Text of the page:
The Daily Tar Heel

Serving the students and the University community since 1893

Thursday August 5th

Students turn to friends for tuition

GoFundMe, a website that provides an online platform for users to crowdfund for personal causes, has attracted students to create pages to fund their education.

The website allows users to share their personal story on the internet to encourage the public to donate to their specific cause.

Sophomore Kyle Strickenberger has been using the website to raise money to cover the cost of his tuition after his private scholarships, grants and financial aid weren’t sufficient.

“It was a little difficult for me to put out my personal circumstances for everyone to see ... but then I realized its not shameful to ask people for help because people do it all the time, and it’s just a part of life,” he said.

Strickenberger’s goal is to raise $30,000 in order to fund two semesters of tuition, and he plans to leave up his page until he either reaches his goal or graduates.

“In my mind I would leave it up on the off chance that somebody passes by and sees it,” he said.

Senior Evan Adair used GoFundMe to raise money to help pay for his trip to Italy to participate in two productions of the opera “La serva padrona.”

“I think GoFundMe is a huge step in trying to be proactive in whatever situation you’re in,” he said.

Adair said his campaign was extremely successful. He only had a month to collect all the money but was able to raise it in two weeks.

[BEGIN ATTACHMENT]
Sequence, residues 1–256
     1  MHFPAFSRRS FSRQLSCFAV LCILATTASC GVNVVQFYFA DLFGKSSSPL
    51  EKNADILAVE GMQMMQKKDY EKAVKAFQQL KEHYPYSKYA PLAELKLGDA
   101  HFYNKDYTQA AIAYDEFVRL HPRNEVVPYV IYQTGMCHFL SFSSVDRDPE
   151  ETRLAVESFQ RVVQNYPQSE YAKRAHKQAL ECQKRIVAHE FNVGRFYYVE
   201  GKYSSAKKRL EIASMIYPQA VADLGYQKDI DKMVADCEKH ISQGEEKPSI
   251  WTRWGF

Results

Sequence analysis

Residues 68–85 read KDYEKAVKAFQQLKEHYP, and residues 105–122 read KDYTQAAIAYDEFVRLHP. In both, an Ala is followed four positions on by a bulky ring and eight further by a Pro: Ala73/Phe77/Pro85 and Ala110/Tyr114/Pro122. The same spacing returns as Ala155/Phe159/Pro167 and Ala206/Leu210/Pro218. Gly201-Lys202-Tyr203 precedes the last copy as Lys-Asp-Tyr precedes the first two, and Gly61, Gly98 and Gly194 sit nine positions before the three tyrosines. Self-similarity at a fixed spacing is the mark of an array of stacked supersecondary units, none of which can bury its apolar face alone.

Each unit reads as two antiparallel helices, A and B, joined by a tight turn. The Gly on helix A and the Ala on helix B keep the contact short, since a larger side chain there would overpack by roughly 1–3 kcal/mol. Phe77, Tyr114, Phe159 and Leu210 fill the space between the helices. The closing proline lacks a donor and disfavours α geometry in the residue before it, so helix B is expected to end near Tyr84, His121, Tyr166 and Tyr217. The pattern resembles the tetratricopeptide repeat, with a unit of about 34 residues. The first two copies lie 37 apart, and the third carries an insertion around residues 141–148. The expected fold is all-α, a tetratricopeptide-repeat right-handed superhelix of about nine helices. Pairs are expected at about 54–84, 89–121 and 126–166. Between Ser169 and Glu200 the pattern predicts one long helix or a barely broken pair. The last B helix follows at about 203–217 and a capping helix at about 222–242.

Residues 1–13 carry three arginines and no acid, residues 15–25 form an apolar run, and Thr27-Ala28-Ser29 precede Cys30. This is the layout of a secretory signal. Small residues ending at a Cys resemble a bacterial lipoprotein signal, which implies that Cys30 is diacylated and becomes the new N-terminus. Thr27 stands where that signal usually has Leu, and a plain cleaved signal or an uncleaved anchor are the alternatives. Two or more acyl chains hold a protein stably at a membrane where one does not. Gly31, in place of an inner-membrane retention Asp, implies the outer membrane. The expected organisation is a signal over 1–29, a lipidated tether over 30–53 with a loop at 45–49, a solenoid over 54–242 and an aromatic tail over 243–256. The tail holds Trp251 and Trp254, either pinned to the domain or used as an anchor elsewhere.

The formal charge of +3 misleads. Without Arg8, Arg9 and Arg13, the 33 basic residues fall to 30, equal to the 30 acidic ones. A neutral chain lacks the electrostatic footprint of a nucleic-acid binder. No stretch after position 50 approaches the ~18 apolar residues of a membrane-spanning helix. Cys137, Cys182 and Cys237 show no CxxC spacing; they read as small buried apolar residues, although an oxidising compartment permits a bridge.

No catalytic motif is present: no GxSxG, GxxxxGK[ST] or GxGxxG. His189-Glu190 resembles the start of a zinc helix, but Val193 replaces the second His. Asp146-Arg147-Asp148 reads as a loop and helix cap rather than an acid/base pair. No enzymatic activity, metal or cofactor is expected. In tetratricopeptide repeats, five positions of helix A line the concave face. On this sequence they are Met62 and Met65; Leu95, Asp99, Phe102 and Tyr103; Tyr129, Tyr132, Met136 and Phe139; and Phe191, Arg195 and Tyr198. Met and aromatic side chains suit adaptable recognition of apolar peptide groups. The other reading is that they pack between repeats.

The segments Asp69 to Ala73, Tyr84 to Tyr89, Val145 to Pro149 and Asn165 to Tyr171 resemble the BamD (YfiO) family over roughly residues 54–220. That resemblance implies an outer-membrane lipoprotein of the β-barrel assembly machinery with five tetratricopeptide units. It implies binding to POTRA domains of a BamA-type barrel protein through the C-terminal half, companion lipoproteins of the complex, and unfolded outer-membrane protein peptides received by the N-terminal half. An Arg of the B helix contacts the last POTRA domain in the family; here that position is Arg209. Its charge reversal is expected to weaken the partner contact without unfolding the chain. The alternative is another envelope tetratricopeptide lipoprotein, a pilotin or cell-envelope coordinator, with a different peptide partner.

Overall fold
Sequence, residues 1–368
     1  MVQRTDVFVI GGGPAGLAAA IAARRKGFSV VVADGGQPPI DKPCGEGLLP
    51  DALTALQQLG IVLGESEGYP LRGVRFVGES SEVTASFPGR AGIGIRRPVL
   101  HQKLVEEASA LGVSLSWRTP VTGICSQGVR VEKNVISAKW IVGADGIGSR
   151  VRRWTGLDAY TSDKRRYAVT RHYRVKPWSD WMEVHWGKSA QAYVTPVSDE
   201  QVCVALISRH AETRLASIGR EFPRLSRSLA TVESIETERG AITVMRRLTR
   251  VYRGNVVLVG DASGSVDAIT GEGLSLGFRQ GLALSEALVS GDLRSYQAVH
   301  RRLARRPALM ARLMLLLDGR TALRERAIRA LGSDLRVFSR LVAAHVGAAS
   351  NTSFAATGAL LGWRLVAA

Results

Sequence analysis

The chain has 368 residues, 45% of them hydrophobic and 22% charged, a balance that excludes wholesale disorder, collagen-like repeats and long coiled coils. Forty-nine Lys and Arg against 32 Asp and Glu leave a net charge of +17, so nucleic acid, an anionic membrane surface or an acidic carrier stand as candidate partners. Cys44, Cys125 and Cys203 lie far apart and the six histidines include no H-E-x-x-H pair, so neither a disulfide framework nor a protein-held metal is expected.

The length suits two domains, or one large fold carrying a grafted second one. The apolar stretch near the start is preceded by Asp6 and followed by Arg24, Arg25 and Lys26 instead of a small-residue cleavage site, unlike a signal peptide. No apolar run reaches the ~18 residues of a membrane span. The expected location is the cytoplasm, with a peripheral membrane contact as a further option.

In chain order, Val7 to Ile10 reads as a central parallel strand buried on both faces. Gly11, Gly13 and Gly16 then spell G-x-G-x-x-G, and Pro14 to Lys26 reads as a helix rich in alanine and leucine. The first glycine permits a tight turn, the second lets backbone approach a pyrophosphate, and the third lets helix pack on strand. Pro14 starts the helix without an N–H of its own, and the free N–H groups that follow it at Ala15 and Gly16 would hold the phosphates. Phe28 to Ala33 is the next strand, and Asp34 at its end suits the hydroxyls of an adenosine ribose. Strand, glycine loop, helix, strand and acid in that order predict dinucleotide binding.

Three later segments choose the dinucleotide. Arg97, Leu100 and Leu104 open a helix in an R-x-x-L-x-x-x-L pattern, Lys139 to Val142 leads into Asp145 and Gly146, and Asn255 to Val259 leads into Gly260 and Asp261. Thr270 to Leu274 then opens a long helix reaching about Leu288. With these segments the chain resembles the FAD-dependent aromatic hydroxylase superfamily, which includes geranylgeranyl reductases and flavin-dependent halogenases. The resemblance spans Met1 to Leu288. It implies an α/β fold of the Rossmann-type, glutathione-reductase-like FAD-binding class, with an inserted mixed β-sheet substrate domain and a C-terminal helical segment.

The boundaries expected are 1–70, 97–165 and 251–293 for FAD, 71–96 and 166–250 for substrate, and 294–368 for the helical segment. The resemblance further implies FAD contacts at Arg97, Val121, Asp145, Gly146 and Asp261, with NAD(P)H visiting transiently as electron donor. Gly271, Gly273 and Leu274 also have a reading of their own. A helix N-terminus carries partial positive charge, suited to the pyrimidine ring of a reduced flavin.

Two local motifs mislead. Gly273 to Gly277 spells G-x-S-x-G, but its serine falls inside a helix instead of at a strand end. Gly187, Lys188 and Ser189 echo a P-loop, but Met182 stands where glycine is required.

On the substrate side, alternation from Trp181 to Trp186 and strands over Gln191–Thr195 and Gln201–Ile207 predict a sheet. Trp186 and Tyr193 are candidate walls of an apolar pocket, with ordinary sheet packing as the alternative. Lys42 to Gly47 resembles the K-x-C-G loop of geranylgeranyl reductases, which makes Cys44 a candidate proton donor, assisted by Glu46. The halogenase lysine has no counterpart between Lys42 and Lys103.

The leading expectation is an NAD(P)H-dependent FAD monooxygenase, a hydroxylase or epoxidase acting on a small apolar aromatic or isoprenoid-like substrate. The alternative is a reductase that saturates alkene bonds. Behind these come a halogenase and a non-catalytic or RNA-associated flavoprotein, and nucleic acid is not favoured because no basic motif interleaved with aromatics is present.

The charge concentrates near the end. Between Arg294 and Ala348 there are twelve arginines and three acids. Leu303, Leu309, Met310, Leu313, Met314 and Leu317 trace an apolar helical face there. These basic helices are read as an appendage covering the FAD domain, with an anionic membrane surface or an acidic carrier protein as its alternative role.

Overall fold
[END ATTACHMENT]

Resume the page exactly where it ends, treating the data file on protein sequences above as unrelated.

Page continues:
“It shows how much people actually believe in what I’m doing,” he said.

Kelsea Little, a GoFundMe storyteller, said nearly $20 million has been raised in the Education, Schools & Learning category from more than 246,000 donors.

Though GoFundMe applies a 5 percent fee to each donation, which helps cover all of the organization’s operating expenditures, Little said the website allows users to receive financial support while removing the physical barriers usually associated with fundraising.

“With GoFundMe, you can raise money from anywhere in the world,” Little said in an email.

Shirley Ort, associate provost and director of the Office of Scholarships and Student Aid, said the website is not the final solution to students’ financial dilemmas.

The University administers $400 million per year in scholarships and financial aid, and Ort does not believe social media fundraising will become successful enough to replace this aid.

“It may be something that would help a student here or there, but it’s certainly not going to be a solution,” Ort said.

She said that if students using this website are already receiving financial aid and have their full needs met, then any money raised through GoFundMe would need to be reported to the financial aid office, which in turn would reduce their aid from the University.

If students are not receiving any financial aid or are not having their full needs met, then they would not need to report this outside income.

“If they are successful, then more power to them,” Ort said.

Despite these dilemmas, students continue to be attracted to the idea of crowdfunding to help raise money for their education costs.

“Education is the keystone of the U.S. and the world, so if we don’t give an education to those who need it, it will be difficult for those people to make a difference in the world,” Strickenberger said.

Adair said funding for education is crucial.

“Education is probably the most vital cause that you can give to, just so we can make sure other problems can be rectified,” he said.

Strickenberger said raising money to pay for tuition casts a far wider net than just the student receiving the funding.

“Sometimes you need to help others so that they can help people, too.”

university@dailytarheel.com



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